The government wants to “control” the number of visitor arrivals but has no intention of reducing or even limiting their number, Secretary for Social Affairs and Culture Alexis Tam Chon Weng said on Thursday.
Tam made the remark after a meeting of the Tourism Development Committee (CDT), which he chaired, at the Tourist Activities Centre (CAT) in Zape.
The policy secretary overseeing the tourism sector also said the goal of upcoming talks with the central government about the huge number of mainlanders visiting Macau was to improve the so-called Individual Visit Scheme (IVS).
The scheme was launched by the central government in 2003. It allows mainlanders to visit Hong Kong and Macau on an individual basis. Prior to the scheme, mainlanders could only visit the two cities on business visas or in group tours.
Macau recorded 765,323 IVS arrivals last month, down 8.1 percent year-on-year. About 46 percent of all mainland arrivals travelled under the IVS last month.
Tam attended Thursday’s meeting to discuss his intention, which he announced during the Chinese New Year, to speak to various central government ministries about Macau’s tourism carrying capacity and the huge influx of mainlanders visiting the city.
Government broadcaster TDM last week quoted Tam as saying that “there will be a limit, but I can’t tell you the figure.”
Several members of the committee on Thursday expressed concern that a government-imposed reduction in the number of visitor arrivals would lead to a decline in Macau’s tourism earnings.The meeting was open to the media.
Suggestions were made by some members of the committee that rather than limiting the number of tourists, the government should look into creating more parking spaces for tour coaches away from the city centre to redirect tourists to other areas of the city. Others suggested that the government should speed up the construction of new checkpoint facilities at the Cotai-Hengqin border since this could reduce congestion in the peninsula as gamblers would be able to travel straight to the Cotai Strip without having to travel across the city.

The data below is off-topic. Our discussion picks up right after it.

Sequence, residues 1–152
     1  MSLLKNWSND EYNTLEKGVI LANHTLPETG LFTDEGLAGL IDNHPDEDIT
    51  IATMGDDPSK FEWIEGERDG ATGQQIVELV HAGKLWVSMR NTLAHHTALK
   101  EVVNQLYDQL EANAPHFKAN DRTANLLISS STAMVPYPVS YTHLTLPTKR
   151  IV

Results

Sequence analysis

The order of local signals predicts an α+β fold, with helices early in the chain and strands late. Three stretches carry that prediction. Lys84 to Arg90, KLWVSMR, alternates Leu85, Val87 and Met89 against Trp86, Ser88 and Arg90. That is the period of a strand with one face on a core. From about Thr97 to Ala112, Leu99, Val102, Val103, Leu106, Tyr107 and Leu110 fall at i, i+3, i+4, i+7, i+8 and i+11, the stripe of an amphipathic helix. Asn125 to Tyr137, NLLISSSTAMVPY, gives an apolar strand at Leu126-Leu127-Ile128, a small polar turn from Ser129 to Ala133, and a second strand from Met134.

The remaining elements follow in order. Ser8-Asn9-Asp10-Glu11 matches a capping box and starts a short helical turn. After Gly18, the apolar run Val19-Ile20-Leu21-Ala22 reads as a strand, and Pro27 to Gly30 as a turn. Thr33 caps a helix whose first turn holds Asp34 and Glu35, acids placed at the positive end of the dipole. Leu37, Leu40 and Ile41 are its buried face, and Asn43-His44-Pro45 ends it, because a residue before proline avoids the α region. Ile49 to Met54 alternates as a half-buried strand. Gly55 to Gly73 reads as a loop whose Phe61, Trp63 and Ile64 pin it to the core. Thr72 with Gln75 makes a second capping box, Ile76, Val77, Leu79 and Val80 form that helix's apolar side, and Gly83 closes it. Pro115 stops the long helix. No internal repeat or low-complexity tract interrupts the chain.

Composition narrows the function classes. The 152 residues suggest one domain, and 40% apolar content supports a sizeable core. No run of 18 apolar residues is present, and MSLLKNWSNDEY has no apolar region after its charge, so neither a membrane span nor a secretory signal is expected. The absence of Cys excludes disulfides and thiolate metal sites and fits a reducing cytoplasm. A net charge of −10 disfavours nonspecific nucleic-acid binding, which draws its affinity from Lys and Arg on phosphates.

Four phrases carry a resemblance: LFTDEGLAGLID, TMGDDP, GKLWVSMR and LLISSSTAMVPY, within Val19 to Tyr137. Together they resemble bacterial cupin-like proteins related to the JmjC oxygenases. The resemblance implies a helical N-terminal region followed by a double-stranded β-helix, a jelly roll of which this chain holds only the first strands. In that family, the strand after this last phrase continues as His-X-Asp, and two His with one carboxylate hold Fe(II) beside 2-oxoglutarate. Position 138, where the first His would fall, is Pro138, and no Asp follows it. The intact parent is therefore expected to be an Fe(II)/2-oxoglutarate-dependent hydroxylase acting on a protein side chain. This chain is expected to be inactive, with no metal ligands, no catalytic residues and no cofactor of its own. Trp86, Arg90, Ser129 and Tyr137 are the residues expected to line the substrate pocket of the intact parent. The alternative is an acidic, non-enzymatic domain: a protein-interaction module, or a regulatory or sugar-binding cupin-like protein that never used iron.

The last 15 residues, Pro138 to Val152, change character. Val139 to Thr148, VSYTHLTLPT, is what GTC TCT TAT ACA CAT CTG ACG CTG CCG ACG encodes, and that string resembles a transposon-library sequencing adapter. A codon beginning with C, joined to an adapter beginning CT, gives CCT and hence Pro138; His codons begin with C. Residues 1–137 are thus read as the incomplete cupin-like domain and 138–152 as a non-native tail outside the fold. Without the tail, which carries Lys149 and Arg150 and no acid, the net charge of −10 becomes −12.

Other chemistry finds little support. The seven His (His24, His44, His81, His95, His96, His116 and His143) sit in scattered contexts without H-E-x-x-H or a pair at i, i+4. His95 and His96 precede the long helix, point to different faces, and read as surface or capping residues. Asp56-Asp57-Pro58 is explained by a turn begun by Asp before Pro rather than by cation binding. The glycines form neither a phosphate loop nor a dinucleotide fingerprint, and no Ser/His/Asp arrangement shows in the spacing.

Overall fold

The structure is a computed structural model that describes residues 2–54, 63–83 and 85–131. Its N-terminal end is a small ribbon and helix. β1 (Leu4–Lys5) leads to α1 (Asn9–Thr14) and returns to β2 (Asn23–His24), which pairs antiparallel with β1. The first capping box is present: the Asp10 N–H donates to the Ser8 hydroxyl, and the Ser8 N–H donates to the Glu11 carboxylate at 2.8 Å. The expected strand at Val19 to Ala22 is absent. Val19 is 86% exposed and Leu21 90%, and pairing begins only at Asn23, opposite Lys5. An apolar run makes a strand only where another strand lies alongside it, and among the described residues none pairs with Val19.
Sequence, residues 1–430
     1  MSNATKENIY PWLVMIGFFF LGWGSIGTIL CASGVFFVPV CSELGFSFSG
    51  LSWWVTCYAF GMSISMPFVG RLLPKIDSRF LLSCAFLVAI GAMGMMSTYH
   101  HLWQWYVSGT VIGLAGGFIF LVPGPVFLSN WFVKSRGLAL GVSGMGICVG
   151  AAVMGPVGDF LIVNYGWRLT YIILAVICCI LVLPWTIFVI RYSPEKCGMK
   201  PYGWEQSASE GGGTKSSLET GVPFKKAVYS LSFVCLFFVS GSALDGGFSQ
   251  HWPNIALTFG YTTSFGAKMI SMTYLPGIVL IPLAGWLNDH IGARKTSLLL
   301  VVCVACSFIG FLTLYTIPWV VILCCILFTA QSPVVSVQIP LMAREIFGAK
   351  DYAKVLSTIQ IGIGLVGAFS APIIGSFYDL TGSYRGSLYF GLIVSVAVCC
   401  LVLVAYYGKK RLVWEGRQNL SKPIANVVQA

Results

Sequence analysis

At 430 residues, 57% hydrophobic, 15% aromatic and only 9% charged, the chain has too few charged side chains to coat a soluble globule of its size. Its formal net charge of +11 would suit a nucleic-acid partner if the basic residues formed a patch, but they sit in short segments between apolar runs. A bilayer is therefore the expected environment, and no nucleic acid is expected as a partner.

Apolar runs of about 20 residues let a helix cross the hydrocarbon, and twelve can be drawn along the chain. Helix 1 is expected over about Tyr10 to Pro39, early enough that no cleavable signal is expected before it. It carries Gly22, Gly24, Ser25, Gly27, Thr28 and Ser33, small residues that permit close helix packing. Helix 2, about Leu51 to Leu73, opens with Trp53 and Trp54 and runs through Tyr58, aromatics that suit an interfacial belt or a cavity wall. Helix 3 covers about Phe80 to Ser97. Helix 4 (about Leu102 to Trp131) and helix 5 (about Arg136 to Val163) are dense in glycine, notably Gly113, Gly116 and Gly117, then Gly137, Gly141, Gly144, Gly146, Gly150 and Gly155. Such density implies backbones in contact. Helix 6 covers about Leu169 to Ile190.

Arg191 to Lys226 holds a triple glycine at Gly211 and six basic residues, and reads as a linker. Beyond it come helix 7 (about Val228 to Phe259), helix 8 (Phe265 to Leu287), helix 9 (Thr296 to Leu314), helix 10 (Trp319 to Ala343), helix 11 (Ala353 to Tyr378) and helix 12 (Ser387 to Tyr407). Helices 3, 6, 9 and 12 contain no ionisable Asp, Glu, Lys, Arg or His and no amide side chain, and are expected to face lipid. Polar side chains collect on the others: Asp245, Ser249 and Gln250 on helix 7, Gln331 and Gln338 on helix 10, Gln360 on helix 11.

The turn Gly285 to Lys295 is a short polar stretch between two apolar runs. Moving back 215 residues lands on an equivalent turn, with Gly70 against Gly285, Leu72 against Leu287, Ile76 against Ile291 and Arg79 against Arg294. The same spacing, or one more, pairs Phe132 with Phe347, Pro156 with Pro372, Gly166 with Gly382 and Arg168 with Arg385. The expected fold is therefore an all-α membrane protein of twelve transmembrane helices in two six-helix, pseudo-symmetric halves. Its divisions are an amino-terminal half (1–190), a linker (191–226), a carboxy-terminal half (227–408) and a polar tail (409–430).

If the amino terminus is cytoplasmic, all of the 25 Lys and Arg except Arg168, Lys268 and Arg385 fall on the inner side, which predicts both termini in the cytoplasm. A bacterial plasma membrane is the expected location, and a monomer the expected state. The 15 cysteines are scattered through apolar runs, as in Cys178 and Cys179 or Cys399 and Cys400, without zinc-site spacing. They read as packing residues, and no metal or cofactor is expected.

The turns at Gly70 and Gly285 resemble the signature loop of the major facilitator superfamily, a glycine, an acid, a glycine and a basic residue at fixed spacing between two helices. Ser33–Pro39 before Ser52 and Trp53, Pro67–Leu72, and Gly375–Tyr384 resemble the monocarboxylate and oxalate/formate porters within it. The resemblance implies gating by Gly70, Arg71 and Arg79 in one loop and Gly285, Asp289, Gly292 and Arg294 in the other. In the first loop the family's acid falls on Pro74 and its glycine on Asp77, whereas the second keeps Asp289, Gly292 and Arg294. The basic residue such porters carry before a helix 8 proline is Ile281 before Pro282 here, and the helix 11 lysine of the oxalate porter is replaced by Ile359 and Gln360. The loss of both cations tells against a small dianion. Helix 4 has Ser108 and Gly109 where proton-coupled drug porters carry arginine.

Tam replied that while he agreed with a lot of what was said by the members of the government-appointed committee, he would still need to consult the central government before any action can be taken.
After the meeting, Tam told reporters that he could not confirm a date when the local government’s plan to “control” the influx of mainland visitors would get off the ground.
He also said that his talks with the central government were unlikely to take place next month because the annual sessions of the National People’s Congress (NPC) and National Committee of the Chinese People’s Political Consultative Conference (CPPCC) will take place at that time.
He reaffirmed the main point of the discussions with the central government was not to reduce the number of visitors, but to improve various aspects of the IVS, as well as to maintain local residents’ quality of life.
Tam admitted that the business sector was worried about government measures that would reduce or limit the number of visitors. “I understand, for example, that businesspeople want more customers, more tourists,” he said, adding he hoped that more mainland visitor arrivals will enter and exit Macau via the Cotai-Hengqin border checkpoint to reduce heavy congestion at the Barrier Gate checkpoint.
Official statistics released Thursday showed that 40.5 percent of all visitors last month arrived in Macau via the Macau-Gongbei Barrier Gate checkpoint.
Tam also said he hoped that more mainlanders will visit Macau also in the summer and during Christmas and Easter.
While excluding the possibility of an official limit on the number of visitors, Tam told reporters he personally believed that a ceiling of 31 million arrivals – last year’s figure – “perhaps wouldn’t be bad”. (macaunews/macaupost)